Warmed Air is a site-specific combination of dance and the arts which takes place in the Anatomical Museum in Edinburgh. The title refers to exhaled breath, warmer after the exchange of gases inside the lungs. It is an original idea and realised collaboratively and inclusively: Ruth Pollitt, who “likes old things” is the museum’s curator and plays the shawm (a sort of medieval oboe) in the show. Simon Anderson initiated the project with his interest in Antonin Artaud, somatic movement and psychophysical performance.

We are led into the Lecture Theatre where the sound of deep breathing fills the space as we sit up high looking down onto the podium. Here a specialist delivers a lecture about Indian sun gods, Maes Howe , e=mc2 and the science of the fixed firmament which unfortunately we cannot hear in its entirety. The dancers, dressed in yellow and red, pose arabesques, crawl and scramble over seats, dangerously perch, and pivot, cranium on wood.

The second section involves a tour into the museum itself, briefly hovering in front of Paul Michael Henry, situated between dinosaur skeletons, a living specimen behind a sheet of glass. This performer has a mannered intensity.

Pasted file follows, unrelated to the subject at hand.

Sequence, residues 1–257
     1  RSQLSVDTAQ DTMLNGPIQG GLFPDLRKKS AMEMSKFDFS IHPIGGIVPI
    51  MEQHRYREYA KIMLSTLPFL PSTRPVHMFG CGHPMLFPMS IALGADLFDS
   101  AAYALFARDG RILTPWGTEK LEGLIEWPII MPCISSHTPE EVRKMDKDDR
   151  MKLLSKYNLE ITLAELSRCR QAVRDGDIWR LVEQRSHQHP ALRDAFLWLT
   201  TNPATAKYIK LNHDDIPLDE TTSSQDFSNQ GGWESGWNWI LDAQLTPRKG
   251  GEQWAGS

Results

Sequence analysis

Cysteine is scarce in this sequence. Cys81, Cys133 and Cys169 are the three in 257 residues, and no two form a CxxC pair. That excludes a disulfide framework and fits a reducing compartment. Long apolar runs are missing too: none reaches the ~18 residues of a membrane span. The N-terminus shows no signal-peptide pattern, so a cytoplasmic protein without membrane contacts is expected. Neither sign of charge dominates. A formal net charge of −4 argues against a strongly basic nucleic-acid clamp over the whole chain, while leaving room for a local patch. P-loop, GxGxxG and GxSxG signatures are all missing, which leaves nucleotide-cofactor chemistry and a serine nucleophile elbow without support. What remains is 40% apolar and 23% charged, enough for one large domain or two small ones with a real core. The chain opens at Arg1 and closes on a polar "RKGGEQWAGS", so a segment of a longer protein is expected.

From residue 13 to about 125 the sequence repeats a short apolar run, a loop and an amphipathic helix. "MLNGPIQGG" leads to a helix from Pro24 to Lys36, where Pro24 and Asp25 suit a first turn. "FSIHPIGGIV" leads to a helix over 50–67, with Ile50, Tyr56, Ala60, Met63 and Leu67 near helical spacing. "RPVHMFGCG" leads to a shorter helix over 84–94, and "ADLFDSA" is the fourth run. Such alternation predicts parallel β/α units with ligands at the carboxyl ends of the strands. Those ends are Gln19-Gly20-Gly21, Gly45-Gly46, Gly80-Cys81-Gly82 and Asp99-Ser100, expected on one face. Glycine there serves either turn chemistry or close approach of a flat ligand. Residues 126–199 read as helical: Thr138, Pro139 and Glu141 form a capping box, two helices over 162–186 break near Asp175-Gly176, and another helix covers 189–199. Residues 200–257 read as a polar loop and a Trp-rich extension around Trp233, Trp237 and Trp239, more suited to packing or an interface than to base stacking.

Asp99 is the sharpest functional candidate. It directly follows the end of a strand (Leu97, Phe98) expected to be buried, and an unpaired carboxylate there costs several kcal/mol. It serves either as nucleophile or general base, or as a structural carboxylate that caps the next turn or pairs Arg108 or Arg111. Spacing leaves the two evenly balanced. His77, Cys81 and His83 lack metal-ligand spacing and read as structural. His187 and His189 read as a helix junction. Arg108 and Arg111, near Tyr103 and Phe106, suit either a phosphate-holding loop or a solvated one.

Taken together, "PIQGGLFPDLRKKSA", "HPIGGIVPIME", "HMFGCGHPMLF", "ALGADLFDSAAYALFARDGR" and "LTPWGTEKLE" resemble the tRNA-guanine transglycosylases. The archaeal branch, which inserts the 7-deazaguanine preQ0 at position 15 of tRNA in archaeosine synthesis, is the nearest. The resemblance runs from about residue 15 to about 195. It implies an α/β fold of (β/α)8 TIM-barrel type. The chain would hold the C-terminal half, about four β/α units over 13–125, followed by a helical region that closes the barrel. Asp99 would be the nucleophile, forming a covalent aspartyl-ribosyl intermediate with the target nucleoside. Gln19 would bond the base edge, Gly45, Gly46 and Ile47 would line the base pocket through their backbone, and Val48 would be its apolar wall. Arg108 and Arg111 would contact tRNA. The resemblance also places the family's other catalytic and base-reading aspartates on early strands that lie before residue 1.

Thirdly, we move to a room full of display cases: bones, skulls (including a cast of Rabbie Burns exhumed for burial by his wife), and a body preserved in 1788 with flesh and sex organs. Here the four dancers alternate in presenting their solos, presumably their own personal responses to the general themes: writer and artist Laura Gonzalez with her neat feet – I liked her phrase “your soft architecture”); part-time lecturer at the Royal Conservatoire, Laura Bradshaw’s bone movement, sensual hand wringing and found words); and a misguided rewrite of The Cruel Mother.

There is so much material here, fascinating ideas seeking connections between disciplines. Like some conceptual art, it is intriguing on the page, but so far the ideas are more interesting than the exposition; the physical and verbal improvisation is too ambitious for the performers’ skills. There is great possibility. However, it is in need of tight direction, an outside eye which can contain the myriad influences and focus it. On a basic level someone is needed to stand in the audience and see if they can hear or see; on an artistic level to draw the strands together, eliminating the personal favourites if they don’t work for the good of the piece, thereby creating a coherent whole.